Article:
Judge orders trial delay, soldier freed over late evidence in Baumholder trial
Stars and Stripes March 14, 2006
BAUMHOLDER, Germany — A series of legal developments Monday resulted in a 1st Armored Division soldier walking free after 211 days of pretrial custody, even though he may ultimately plead guilty to some charges.
Spc. Samuel Bell, 23, was scheduled to go on trial Monday afternoon. He was charged with a number of offenses, including being an accessory to a fire that caused about $1 million in damages to Baumholder’s city government center. He is one of at least eight soldiers charged in last summer’s Baumholder crime wave.
However, Col. James Pohl ordered Bell released to his unit, Company A, 40th Engineers (Combat) Battalion, and his court-martial reconvened on April 3.
The delay came after Pohl, a 5th Judicial Circuit Court judge, ruled that the prosecution was late in sending some documents and a list of witnesses to the defense.
Those submissions were given to the defense last week, five weeks after Bell’s Feb. 8 arraignment and included a new witness who may give testimony potentially damaging to Bell.
“And you give that to defense three days before trial?” Pohl asked prosecutors Capt. Tyson MacDonald and Capt. Laura Calese.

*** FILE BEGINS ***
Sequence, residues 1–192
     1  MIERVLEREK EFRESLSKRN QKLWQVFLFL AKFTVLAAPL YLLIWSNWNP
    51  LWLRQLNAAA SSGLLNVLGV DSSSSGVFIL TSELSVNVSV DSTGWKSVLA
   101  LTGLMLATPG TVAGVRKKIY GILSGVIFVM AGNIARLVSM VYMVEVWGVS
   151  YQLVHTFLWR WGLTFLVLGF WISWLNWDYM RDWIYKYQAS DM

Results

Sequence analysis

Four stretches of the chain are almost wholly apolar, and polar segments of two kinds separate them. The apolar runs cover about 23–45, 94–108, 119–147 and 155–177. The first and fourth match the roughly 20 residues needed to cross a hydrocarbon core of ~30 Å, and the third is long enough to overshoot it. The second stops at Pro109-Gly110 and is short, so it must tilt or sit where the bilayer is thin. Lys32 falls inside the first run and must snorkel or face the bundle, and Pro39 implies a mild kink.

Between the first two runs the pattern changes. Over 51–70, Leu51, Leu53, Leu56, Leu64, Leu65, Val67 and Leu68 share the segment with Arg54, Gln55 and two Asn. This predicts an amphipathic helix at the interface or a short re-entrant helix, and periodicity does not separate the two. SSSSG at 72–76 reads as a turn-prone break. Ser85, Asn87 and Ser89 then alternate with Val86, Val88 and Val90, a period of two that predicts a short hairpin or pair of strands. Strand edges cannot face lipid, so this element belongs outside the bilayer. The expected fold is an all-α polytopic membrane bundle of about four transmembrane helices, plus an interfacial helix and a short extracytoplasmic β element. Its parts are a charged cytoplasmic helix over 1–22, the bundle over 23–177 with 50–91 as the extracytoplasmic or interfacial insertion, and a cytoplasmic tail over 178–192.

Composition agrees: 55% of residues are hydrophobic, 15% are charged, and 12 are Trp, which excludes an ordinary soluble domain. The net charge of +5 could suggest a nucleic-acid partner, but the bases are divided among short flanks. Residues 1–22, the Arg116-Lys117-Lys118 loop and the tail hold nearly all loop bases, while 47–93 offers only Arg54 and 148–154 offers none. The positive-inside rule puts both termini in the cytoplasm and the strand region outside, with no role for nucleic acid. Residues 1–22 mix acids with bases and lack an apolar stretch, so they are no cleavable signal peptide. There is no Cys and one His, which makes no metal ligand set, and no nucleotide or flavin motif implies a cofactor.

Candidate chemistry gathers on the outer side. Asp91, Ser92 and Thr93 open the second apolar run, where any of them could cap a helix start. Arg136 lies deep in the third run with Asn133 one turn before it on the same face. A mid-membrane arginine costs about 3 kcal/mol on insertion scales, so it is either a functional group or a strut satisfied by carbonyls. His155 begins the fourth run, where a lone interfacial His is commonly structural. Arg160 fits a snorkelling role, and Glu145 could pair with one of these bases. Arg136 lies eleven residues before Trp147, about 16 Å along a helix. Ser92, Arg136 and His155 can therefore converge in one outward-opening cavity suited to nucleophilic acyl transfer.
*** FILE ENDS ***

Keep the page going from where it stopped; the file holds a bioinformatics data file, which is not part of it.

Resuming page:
The legal complication came after Pohl already had encouraged prosecutors to pick up the pace of proceedings during Bell’s arraignment, a significant legal issue because the Sixth Amendment to the Constitution guarantees the right to a speedy trial.
The two-week recess gives Bell’s attorneys, Capt. Justin Evison and Capt. James Ford, time to prepare a defense in light of the late admissions — to interview the new witness and examine documents, Pohl said.
But, having his defense spend an unknown amount of time in interviews, follow-up questioning and planning “is not fair to Specialist Bell,” because Bell would spend even more time in pretrial detention, Pohl said.
Pohl ruled only the 16 witnesses ready to testify Monday would be allowed when the proceedings reconvene. He also ordered Bell to be released, although his unit can put “reasonable limits on his liberty” and return Bell to custody if he misbehaves.
At that point, Evison notified the court that Bell may plead guilty to some — though not all — charges. Evison and Ford declined to state exactly which charges in a separate interview.
Bell is charged with: